Tanzania’s economic growth was strong during the first half of 2014 and is expected to remain close to 7 percent this year, a mission of the International Monetary Fund (IMF) said late Wednesday at the conclusion of a two-week visit to the country.
“Macroeconomic performance has been broadly in line with the programme, although new challenges have emerged during the last three months,” IMF team leader Mr. Hervé Joly, said, noting that Tanzania’s inflation increased moderately in recent months, to 6.6 percent in September, reflecting higher food and fuel prices, while core inflation reached a historical low level of about 3 percent.
During the visit, the mission conducted the first review under the Policy Support Instrument (PSI) programme that was approved on 16 July 2014.
PSI is an instrument of the IMF designed for countries that do not need balance of payments financial support. It helps countries design effective economic programmes that, once approved by the IMF’s Executive Board, signal to donors, multilateral development banks, and markets the Fund’s endorsement of a member’s policies.
“Almost all programme targets for end-June 2014 were met, with the exception of the one for tax revenue,” Joly said in the end-of-mission statement, noting that despite significant revenue shortfalls in the 2013/14 fiscal year compared to the original budget assumption, the fiscal deficit was contained to 4.4 percent of Gross Domestic Product (GDP), well below the programme target.
However, reflecting continued weaknesses in the ability to control expenditure commitments, this performance coincided with further accumulation of expenditure arrears, the IMF official said, pointing out that the Bank of Tanzania continued to build up foreign reserves, meeting the programme target for end-June 2014 by a comfortable margin.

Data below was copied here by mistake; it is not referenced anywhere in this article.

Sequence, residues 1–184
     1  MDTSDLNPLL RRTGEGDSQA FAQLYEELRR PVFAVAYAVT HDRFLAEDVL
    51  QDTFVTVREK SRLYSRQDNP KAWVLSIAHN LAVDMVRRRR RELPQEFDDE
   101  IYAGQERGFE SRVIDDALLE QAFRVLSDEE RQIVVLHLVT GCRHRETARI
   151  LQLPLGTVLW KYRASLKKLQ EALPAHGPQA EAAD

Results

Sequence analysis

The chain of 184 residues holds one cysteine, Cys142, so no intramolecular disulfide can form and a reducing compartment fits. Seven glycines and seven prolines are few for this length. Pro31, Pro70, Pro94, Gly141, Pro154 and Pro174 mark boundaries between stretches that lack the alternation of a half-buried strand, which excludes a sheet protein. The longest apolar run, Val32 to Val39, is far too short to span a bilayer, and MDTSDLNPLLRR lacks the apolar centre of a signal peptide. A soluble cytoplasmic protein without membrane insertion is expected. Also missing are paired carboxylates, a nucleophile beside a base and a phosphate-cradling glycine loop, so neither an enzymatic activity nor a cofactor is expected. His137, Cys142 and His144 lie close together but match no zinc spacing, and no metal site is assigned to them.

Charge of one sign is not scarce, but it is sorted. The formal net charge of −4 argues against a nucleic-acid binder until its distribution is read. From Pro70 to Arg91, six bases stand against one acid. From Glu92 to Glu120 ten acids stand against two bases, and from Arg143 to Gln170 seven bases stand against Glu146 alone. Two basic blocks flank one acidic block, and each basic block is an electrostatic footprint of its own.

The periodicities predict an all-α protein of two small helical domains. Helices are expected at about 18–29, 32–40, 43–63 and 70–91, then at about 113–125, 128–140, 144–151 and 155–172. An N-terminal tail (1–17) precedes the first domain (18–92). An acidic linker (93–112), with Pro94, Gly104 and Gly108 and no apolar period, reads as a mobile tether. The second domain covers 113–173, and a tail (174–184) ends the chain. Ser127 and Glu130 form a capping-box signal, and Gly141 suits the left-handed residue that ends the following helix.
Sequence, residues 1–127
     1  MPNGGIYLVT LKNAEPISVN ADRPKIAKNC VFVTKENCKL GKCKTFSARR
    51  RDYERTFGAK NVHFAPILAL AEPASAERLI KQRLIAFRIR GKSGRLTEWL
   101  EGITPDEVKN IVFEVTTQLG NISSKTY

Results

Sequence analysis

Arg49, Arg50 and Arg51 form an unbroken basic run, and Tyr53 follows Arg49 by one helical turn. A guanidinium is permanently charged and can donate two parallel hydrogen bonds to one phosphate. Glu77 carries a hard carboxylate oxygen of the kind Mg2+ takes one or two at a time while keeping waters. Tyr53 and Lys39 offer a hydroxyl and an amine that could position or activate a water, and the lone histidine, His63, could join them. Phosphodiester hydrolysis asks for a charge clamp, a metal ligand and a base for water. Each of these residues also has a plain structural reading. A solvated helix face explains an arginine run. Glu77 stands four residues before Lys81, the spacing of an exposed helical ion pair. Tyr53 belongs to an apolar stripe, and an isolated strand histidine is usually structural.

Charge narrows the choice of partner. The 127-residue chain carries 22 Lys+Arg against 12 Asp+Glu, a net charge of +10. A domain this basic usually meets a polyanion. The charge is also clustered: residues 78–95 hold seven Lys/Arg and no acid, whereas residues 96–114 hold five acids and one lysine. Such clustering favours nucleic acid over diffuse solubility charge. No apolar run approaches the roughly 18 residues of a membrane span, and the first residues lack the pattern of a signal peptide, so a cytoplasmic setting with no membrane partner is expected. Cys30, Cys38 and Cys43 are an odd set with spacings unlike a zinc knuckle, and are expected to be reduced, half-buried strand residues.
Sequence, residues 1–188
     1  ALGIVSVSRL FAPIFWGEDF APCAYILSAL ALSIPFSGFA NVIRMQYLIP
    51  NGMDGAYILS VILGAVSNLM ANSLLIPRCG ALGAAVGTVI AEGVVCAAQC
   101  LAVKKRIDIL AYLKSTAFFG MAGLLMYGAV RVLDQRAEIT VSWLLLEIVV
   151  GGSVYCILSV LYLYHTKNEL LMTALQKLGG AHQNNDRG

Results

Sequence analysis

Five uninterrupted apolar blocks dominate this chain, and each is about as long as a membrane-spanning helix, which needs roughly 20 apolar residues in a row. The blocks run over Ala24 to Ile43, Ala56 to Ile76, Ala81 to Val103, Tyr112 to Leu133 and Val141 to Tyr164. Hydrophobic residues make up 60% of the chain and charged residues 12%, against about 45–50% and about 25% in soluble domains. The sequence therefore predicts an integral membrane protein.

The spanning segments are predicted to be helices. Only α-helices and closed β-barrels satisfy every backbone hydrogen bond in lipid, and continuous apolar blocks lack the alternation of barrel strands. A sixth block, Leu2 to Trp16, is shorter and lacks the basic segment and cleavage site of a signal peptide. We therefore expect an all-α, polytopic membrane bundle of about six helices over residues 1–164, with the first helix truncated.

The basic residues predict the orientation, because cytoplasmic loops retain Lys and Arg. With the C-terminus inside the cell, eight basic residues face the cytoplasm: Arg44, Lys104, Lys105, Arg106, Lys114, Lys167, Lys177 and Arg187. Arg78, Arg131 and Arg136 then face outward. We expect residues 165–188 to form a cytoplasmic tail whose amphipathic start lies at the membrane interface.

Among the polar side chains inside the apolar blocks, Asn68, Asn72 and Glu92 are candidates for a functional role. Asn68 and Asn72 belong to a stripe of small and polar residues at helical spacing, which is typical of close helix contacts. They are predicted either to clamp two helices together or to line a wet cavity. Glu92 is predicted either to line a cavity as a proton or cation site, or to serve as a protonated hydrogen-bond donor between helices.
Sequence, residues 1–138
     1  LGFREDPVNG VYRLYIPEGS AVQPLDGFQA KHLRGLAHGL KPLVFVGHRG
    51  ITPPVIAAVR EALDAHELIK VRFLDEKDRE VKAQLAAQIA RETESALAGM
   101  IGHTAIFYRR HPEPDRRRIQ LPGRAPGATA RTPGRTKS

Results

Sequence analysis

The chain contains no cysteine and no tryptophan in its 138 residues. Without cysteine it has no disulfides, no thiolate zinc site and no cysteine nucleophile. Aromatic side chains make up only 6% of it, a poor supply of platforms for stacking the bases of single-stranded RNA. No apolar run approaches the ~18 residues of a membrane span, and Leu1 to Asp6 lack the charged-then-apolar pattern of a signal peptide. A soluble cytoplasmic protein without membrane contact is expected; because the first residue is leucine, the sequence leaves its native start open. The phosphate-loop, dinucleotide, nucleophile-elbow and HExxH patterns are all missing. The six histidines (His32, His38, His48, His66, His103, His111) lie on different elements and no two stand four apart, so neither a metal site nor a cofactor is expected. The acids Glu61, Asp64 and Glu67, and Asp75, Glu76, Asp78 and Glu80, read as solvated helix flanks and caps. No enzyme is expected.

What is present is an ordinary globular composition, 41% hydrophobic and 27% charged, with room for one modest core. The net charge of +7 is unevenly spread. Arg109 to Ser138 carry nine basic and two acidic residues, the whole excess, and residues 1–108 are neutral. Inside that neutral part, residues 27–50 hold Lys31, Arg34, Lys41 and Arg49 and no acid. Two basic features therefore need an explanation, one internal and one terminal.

“Programme targets for the remainder of the year, including for the fiscal deficit, remain within reach but will require cautious expenditure implementation. Revenue collection has been lagging behind the budget target,” he said.
He added: “Front-loading of domestically-financed capital expenditure in July and August was facilitated by the central bank through conversion of liquidity paper into financing paper but this complicated significantly monetary policy implementation.
“Combined with delays in the disbursement of budget financing from development partners, related to the Independent Power Tanzania Limited (IPTL) case, this has been a challenging backdrop for programme implementation.
“In this regard, the upcoming mid-year budget review should be used to align expenditure allocations with available resources. The expected implementation of VAT reforms in early 2015 should help bolster the revenue base,” Joly stated, noting that the mission welcomed the government’s intention to address comprehensively arrears to suppliers and pension funds.
Also, the mission took note that an important first step to address alleged governance concerns related to the IPTL case was underway through the special audit by the Controller and Auditor General.
“Discussions on the first review are well advanced and will be concluded in the next few weeks, with the IMF Executive Board’s consideration of the review expected to take place in early January 2015,” Joly said.
The IMF mission met with Tanzanian Vice President Mohammed Gharib Bilal, Finance Minister Saada Mkuya Salum, Governor of the Bank of Tanzania, Prof. Benno Ndulu, and other senior government officials.